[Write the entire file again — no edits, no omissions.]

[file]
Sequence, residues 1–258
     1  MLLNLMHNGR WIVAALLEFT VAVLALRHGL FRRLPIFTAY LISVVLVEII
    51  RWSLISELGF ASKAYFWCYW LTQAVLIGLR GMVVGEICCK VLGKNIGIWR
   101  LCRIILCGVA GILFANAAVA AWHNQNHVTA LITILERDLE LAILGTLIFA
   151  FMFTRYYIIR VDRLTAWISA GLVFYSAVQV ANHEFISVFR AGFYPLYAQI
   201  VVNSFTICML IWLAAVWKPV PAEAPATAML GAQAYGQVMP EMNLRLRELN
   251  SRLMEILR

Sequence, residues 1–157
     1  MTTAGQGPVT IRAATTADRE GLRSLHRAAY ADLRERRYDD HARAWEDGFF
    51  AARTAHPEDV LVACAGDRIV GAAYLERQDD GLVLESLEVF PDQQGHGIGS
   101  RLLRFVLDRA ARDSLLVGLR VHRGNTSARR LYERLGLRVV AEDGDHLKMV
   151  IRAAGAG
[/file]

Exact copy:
Sequence, residues 1–258
     1  MLLNLMHNGR WIVAALLEFT VAVLALRHGL FRRLPIFTAY LISVVLVEII
    51  RWSLISELGF ASKAYFWCYW LTQAVLIGLR GMVVGEICCK VLGKNIGIWR
   101  LCRIILCGVA GILFANAAVA AWHNQNHVTA LITILERDLE LAILGTLIFA
   151  FMFTRYYIIR VDRLTAWISA GLVFYSAVQV ANHEFISVFR AGFYPLYAQI
   201  VVNSFTICML IWLAAVWKPV PAEAPATAML GAQAYGQVMP EMNLRLRELN
   251  SRLMEILR

Sequence, residues 1–157
     1  MTTAGQGPVT IRAATTADRE GLRSLHRAAY ADLRERRYDD HARAWEDGFF
    51  AARTAHPEDV LVACAGDRIV GAAYLERQDD GLVLESLEVF PDQQGHGIGS
   101  RLLRFVLDRA ARDSLLVGLR VHRGNTSARR LYERLGLRVV AEDGDHLKMV
   151  IRAAGAG